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Their mischaracterization resembles the overly narrow understanding of “terrorists.” Hamas, for instance, is on the US terrorism list, but it’s not just a bunch of guys with guns and a predilection for violence. It’s also been a political party, a government, and a service organization that provided food, health care, and other necessities to underserved communities in Gaza.

Don’t make the mistake of associating gangs like Haiti’s with a “primitive” stage of political development or only with countries on the geopolitical margins. What’s happening there today could prefigure the future of the United States, too. In place of the biblical succession of plagues that swept through Haiti, the United States might only need the tinder of climate change and the flint of Donald Trump to go up in similar flames.

Gangs R US

Today, Americans associate “gangs” with the Crips and Bloods, who developed a murderous rivalry in the Los Angeles area in the 1970s or, more recently, Mara Salvatrucha, better known as MS-13, a gang of young Salvadoran transplants to Los Angeles initially focused on protecting its members from other gangs.

But shouldn’t we be more catholic in our definitions? After all, what are right-wing paramilitary forces, from the Three Percenters to the Proud Boys, if not gangs? They have their rituals, worldviews, indifference to the rule of law, even their own “Barbecues.” The gangs associated with far-right ideology and white supremacy today could claim a lineage stretching back to the European settlers of this continent who routinely engaged in the extrajudicial murder of indigenous peoples while expanding westward, or the vigilante mobs that administered “rough justice” to “disobedient” slaves before the Civil War, or even the Ku Klux Klan. As for real-world impact, the Crips or MS-13 never had the audacity to force their way into the US Capitol and trash the place, as Donald Trump’s informal gang did on January 6, 2021.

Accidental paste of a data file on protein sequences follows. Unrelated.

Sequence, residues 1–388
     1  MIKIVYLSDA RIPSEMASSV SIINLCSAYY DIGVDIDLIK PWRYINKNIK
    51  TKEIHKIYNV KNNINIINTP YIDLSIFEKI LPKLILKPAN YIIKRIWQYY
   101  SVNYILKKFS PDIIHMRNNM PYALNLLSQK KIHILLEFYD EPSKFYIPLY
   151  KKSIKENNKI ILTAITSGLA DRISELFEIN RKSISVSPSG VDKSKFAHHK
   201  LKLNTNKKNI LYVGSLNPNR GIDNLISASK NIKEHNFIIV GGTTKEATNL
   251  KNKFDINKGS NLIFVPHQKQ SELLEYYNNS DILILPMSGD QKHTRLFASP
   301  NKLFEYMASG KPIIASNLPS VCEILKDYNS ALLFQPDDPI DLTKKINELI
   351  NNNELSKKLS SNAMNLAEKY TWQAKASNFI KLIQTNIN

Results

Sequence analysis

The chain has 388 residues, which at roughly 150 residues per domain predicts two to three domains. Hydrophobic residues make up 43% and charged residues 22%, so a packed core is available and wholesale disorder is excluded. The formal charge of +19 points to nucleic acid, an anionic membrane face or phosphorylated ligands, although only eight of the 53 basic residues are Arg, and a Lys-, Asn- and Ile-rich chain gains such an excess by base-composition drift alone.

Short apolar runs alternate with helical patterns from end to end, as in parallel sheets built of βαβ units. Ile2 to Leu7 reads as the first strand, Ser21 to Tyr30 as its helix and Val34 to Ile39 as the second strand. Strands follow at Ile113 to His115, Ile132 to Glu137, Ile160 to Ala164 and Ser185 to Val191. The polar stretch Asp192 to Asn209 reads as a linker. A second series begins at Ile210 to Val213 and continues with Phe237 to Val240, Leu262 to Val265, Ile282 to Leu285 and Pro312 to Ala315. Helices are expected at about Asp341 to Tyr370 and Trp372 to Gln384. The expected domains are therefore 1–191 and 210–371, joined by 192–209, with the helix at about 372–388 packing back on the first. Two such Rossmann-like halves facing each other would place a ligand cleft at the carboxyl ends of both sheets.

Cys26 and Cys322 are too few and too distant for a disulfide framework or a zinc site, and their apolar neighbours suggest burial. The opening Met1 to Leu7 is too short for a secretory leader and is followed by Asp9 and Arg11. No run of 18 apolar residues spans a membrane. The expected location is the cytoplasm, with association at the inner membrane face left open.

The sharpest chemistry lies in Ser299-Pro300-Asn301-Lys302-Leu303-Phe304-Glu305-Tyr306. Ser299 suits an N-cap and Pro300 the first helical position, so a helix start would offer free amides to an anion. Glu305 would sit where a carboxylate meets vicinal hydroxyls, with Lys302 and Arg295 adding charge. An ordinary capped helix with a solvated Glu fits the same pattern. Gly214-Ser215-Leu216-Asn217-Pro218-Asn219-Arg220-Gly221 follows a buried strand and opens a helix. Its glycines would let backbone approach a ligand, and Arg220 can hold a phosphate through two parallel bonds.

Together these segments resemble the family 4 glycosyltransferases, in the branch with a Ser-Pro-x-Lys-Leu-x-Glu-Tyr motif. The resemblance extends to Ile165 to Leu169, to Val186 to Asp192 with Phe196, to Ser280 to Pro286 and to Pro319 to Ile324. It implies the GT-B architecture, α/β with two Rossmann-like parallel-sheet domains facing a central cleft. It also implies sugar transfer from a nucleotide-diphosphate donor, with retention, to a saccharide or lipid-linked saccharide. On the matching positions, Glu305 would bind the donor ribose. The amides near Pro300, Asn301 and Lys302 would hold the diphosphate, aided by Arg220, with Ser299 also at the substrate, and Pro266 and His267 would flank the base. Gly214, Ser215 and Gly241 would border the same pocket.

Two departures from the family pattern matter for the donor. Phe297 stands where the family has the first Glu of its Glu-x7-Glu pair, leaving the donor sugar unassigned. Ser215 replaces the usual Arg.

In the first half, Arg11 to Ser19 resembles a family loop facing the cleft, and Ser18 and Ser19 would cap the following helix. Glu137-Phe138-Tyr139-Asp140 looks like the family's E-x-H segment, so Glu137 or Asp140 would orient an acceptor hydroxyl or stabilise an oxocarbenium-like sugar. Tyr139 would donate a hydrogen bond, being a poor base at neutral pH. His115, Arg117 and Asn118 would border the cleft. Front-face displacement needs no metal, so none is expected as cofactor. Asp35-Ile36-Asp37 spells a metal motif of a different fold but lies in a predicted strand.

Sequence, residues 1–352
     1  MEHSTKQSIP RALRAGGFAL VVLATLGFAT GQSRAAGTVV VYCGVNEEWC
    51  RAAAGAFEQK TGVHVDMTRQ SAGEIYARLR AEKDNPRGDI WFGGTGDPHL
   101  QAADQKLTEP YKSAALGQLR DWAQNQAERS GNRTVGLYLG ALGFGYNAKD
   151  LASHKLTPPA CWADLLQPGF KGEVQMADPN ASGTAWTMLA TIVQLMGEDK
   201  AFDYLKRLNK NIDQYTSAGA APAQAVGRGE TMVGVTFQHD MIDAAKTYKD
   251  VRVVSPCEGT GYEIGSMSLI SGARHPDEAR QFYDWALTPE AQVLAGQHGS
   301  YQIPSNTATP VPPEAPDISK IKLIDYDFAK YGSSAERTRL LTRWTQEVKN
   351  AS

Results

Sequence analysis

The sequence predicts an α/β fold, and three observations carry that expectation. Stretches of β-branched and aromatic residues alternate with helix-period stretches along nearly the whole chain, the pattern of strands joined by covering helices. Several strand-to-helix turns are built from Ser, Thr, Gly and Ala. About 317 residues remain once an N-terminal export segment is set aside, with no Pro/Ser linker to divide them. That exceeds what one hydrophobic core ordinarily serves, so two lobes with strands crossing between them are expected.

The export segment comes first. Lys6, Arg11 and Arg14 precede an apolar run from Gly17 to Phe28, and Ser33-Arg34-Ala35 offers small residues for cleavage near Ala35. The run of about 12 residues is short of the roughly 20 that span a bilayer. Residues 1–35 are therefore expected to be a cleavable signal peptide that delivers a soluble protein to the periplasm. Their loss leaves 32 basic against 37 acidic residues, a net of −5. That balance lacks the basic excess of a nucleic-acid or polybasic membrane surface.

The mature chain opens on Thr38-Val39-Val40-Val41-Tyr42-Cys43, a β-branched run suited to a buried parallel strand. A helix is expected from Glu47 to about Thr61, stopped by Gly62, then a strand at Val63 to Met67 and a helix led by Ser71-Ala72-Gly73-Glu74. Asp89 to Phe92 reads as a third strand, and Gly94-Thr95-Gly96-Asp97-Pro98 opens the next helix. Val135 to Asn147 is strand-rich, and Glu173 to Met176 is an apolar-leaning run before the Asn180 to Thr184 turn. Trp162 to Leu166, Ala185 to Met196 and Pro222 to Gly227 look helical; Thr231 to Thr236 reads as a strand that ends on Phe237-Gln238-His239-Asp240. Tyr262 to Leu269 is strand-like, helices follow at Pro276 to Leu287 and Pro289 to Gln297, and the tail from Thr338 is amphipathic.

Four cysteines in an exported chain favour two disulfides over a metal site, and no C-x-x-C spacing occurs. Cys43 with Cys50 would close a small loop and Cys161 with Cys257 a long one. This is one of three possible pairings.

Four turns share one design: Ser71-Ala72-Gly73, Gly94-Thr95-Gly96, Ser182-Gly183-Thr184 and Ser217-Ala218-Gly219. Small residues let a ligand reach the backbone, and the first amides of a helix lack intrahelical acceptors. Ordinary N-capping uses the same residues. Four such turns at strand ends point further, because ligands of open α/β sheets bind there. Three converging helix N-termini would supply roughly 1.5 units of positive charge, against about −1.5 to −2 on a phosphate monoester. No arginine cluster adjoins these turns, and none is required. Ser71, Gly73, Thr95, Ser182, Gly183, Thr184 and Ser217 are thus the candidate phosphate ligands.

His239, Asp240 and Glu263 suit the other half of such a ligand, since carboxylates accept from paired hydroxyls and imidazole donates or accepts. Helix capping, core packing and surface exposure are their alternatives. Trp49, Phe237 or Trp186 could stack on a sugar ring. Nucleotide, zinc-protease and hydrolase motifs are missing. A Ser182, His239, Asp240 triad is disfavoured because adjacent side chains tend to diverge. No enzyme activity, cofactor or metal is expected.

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But why stop there? The Pinkerton detective agency once functioned like a gang in its attacks on the labor movement. The Central Intelligence Agency developed distinctly gang-like behavior overseas with its assassinations, coups, and outright criminal activities. And what about all the deaths associated with corporate gangs like Philip Morris and ExxonMobil? These institutions of “normal” society have had a much higher kill count and a more debilitating effect on the rule of law than the institutions of organized crime.

When it comes to gang-like activities, much depends on geopolitics. The emergence of the “Washington consensus” and the birth of neoliberalism in the 1970s was an inflection point when it came to encouraging gang-like behavior. Previously, at least in advanced industrial countries, the state had been gradually assuming ever greater economic responsibility through the New Deal and its successors in the United States and the development of Europe’s market socialism. Neoliberalism, led by Prime Minister Margaret Thatcher in England and President Ronald Reagan in the United States, sought to roll back the power of the state through the defunding, deregulation, and privatization of government services.

That sustained attack on state functions ensured an increase in poverty and painful budget crises for institutions like school systems and hospitals, while corporate misconduct proliferated. In poorer countries, where states were already more fragile, the impact was far more devastating.